Just because someone has a British, American or Canadian (etc.) flag next to their Freelancer profile, it doesn’t automatically mean that they have the skills to do a good job – and the tell-tale sign of inexperience or poor quality is often, though not always, the low price that they are willing to be paid. Equally, if someone is from a non-native English speaking country, it doesn’t mean that they aren’t a good editor, but for goodness sake employers, you need to do a background check! (As an aside, just because someone has a flag of any nationality on their Freelancer profile doesn’t necessarily mean that they are actually from that country, but that’s a blog post for another time…)

So, before I started tearing my hair out and wondering why on earth I bother even being a member of these freelance bidding sites (the jury’s still out…), I was pleased to find encouragement and reassurance from two sources this week. Firstly, I remembered that  I’d posted a poll on survey website Panelbase in which I posed the question, “Does spelling and grammar matter in this day and age?”. Logging into my account for the first time in ages, I was pleased to note that almost 500 people have now responded to this poll, with a staggering 80% agreeing that yes, spelling and grammar always matters. In addition, a further 17% felt that spelling and grammar matters, but it depends on the situation. Phew, it’s not just me then!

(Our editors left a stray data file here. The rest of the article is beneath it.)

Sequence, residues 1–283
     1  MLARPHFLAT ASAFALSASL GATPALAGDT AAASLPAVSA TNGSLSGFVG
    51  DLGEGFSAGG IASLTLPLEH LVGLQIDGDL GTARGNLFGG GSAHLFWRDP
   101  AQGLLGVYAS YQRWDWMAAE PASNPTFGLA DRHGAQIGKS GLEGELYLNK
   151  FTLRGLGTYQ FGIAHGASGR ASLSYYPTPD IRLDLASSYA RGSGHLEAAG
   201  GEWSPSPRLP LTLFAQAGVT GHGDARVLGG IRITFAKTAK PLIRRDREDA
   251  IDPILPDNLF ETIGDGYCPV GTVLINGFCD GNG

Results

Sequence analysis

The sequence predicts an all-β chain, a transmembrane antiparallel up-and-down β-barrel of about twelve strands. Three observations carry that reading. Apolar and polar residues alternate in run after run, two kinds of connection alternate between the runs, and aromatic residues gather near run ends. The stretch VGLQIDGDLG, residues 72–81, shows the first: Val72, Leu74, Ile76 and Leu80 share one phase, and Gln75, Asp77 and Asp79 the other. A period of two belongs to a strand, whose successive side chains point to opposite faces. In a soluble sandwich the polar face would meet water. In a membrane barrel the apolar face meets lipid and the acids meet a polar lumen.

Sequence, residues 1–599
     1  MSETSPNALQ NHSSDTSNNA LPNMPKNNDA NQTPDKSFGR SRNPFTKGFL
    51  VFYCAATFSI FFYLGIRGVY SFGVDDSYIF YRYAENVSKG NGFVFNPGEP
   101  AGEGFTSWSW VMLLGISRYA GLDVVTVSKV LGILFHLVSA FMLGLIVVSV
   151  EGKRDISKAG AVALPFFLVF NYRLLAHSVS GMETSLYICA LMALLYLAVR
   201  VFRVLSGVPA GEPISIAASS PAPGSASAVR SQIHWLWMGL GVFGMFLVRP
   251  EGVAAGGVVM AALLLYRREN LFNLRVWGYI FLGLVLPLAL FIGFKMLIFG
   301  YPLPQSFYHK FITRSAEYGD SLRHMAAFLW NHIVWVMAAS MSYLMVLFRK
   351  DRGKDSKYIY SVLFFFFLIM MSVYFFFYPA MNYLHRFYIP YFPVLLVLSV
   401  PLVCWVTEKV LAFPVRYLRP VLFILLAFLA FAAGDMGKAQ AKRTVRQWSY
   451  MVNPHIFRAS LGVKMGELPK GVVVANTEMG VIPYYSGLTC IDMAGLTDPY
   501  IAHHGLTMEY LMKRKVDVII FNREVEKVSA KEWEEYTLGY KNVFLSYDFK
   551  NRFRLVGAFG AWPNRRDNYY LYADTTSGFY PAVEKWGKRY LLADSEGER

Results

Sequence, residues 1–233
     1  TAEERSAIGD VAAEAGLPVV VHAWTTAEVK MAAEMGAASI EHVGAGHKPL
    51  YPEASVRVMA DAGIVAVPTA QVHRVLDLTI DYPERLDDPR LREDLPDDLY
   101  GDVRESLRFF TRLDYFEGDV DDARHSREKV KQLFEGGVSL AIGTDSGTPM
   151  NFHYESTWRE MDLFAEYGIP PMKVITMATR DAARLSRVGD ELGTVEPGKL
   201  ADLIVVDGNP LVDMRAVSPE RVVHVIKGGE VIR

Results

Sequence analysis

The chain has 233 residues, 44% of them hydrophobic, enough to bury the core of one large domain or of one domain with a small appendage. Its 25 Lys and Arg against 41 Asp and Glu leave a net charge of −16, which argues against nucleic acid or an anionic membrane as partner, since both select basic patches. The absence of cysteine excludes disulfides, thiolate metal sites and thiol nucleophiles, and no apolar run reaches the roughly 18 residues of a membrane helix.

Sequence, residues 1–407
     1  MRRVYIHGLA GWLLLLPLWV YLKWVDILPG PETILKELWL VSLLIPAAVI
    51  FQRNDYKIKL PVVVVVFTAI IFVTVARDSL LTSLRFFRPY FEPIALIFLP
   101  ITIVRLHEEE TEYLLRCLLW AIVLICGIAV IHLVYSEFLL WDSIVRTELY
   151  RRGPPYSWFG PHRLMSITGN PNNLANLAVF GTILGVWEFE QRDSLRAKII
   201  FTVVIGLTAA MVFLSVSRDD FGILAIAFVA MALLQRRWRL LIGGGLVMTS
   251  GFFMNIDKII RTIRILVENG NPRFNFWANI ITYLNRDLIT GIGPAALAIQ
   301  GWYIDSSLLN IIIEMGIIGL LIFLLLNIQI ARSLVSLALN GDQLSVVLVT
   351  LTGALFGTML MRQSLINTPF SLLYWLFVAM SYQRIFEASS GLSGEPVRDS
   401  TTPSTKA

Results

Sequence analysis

The second thing that encouraged me was this YouTube video from Google, which I found whilst browsing the Editorial Training blog. Although Google do not currently include spelling and grammar as a parameter for calculating pagerank, there is a clear trend for lower quality writing on lower ranked pages. In other words, poorly written websites, regardless of keywords or content, don’t do as well in Google rankings as good quality, well written websites, so if you want your website to succeed, you would do well to invest in a good quality writer and/or editor to improve your prospects.

If you are interested in hiring an experienced, high quality writer and/or an exceptional copy-editor and proofreader, click this way…

Advertisements




Do spelling and grammar matter on social media sites?

15 12 2010

In answering this question, I’m referring specifically to corporate profile pages and communications via sites like Facebook. Though I’ll confess poor spelling and grammar always bugs me (something to which my long-suffering boyfriend will attest), I’m not in any way suggesting that my friends and family should take an English language course before being allowed to update their statuses or comment on my photos. To a certain extent, my attitude is relaxed when considering Twitter in this argument too, since the very fact that you can only write 140 characters per tweet often necessitates the use of “txt spk” in order to fit your point into the required character count.